In Fall 2015, Melissa Walker had a practicusm with the Tioga County Partnership for Community Health. She attended workgroup meetings, recorded and transcribesd minutes, assisted in website development, and created materials that showcased the organization's value to the community. She even helped create a new mission statement for the Be Your Best You workgroup! "My time spent with the Partnership has been extremely valuable," commented Melissa, "and I can confidently say I’ve successfully assisted the Partnership with its goal to promote and improve the health and wellbeing of Tioga County."
In Fall 2015, Paige Kisner had a practicum with author Nancy Rue. Paige assisted Nancy by doing research, posting blog entries, and testing soon-to-be-released courses. Paige also created a Facebook page for Nancy’s anti-bullying campaign and created content daily for 20 weeks.
As an English Education major looking to supplement the “teaching” part of my education, this summer  I’ve been doing an internship with Mountain Home Magazine, a local publishing company based out of Wellsboro, and I’ve been having a fabulous time! I never realized just how many steps are involved in getting a document put together and put on newsstands. The laid-back atmosphere suits me, and the editors and staff are extremely knowledgeable about publishing programs, sales and distribution, and journalistic writing. Everyone here has gone out of their way to guide, teach, and assist me in assigned tasks like copy editing, using publishing programs, the interviewing process, and, of course, writing, which has undoubtedly been my favorite task. I’ve been able to apply the writing skills and literary knowledge I’ve learned from Mansfield University English professors to my writing assignments, and I’ve received very encouraging feedback. The best part about my internship thus far, I must say, has been seeing my work in print for the very first time. I would highly recommend that English students, both BA and BSE, take advantage of an internship with the folks at Mountain Home, or with any publishing company for that matter, because the knowledge and experience gained will be an invaluable experience.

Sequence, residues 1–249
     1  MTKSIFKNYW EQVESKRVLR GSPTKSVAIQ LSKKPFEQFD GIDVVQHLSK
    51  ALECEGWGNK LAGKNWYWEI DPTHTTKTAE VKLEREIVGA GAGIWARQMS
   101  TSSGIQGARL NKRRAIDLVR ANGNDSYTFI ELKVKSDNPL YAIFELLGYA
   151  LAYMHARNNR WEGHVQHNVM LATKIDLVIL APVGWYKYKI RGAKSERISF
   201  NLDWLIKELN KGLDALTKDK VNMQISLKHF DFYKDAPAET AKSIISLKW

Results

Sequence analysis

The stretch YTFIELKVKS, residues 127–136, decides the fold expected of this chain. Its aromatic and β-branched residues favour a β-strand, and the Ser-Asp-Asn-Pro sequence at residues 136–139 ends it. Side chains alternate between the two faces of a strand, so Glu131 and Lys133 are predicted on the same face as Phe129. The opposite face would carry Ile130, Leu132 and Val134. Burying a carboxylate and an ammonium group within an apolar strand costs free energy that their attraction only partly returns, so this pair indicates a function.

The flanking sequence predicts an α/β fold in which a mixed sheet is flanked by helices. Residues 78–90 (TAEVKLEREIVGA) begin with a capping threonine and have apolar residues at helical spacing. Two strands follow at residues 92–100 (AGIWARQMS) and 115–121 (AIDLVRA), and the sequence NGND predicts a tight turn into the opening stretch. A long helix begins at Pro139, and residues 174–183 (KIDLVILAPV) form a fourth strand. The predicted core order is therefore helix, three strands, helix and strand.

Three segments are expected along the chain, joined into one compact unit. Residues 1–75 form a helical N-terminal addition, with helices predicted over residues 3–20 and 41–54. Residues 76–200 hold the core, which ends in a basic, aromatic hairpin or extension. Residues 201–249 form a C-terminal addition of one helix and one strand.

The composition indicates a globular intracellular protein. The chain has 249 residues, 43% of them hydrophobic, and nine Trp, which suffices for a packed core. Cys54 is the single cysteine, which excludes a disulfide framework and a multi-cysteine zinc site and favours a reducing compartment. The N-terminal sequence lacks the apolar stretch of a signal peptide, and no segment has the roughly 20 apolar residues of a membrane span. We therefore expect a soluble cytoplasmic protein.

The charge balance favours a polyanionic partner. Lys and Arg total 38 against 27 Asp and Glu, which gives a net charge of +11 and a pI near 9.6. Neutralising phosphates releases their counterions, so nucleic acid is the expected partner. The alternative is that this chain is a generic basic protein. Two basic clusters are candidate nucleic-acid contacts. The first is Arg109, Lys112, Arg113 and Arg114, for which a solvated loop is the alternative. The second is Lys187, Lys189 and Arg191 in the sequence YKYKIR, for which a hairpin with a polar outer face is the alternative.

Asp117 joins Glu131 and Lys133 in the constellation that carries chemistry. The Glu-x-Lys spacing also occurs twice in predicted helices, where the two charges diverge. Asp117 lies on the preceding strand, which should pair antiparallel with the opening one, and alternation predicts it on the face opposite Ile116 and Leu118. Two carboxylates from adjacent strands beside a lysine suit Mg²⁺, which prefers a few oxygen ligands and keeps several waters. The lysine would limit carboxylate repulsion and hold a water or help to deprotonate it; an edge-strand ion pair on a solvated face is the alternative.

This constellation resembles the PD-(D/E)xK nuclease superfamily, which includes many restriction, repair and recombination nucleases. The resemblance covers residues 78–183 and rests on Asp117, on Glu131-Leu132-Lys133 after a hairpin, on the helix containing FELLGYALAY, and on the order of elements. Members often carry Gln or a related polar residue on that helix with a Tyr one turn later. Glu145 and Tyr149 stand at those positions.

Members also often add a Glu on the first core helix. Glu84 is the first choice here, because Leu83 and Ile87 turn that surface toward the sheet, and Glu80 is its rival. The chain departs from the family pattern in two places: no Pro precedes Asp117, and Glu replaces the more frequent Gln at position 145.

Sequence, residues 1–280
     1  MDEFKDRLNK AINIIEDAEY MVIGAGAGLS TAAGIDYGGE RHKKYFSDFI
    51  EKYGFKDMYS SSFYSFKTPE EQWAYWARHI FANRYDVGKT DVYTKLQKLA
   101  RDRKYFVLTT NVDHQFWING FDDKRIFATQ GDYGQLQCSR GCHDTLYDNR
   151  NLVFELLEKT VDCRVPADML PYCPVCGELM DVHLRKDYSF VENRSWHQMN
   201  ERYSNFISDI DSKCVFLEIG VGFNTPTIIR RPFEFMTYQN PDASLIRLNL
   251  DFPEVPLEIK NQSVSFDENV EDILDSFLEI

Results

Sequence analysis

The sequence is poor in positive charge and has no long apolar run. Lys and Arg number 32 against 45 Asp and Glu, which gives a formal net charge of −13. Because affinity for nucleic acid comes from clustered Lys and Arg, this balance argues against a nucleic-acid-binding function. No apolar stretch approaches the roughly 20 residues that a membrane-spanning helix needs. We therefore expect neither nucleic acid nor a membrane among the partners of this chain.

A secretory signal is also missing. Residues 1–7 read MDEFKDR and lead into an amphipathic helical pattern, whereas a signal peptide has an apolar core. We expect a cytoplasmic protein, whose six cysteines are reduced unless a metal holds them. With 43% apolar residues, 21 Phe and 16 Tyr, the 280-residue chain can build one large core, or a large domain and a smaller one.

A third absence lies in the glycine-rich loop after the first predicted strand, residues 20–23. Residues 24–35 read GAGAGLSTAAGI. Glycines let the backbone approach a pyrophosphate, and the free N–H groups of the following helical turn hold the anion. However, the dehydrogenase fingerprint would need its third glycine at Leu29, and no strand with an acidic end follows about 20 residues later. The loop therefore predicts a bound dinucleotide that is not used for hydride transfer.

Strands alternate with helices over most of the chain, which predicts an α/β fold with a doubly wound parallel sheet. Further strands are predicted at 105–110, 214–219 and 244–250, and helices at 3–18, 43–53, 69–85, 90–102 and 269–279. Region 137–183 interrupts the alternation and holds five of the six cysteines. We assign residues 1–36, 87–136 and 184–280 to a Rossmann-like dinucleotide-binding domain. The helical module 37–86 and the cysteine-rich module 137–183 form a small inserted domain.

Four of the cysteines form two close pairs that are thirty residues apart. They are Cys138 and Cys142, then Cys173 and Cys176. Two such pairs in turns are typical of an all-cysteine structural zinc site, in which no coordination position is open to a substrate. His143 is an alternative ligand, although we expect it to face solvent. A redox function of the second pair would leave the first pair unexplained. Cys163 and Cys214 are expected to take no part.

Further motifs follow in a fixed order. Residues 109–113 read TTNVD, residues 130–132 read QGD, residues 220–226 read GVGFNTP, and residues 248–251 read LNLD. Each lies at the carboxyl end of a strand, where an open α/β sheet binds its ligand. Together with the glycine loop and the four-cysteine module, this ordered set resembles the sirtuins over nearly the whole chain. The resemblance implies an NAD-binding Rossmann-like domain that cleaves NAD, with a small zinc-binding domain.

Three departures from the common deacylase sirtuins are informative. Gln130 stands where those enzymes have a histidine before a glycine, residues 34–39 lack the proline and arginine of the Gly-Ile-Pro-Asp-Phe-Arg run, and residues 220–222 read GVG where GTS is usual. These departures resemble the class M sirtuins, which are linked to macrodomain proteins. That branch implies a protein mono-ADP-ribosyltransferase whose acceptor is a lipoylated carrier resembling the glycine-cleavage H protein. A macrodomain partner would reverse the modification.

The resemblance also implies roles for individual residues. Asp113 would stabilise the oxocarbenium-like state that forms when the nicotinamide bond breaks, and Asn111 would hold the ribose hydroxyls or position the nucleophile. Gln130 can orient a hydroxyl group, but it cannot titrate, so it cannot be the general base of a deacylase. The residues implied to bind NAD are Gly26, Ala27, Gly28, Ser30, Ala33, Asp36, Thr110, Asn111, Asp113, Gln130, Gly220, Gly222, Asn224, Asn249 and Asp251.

During the summer of 2005, I interned at Penguin Books in New York City for precisely ten weeks, and I’ve got to say that it was the most rewarding educational experience of my life. I worked for a senior editor, and my job mostly consisted of reading unsolicited manuscripts and rejecting or approving them. Of course there were parts of my job that weren’t so glamorous. Making copies of 400-page manuscripts, delivering contracts to different departments, running errands in general--these are the things that people typically don’t mention when they’re bragging about their job. I didn’t mind them, though. I viewed them as my part in helping a well-known and respected publishing house run. All in all, I would recommend that any student do an internship in publishing or otherwise. You learn how a business works. You’re exposed to a world that’s completely different from the collegiate one and asked to function in it. But most of all, you learn more about who you are and what you want, and any experience that can show you something more about yourself is definitely worth doing.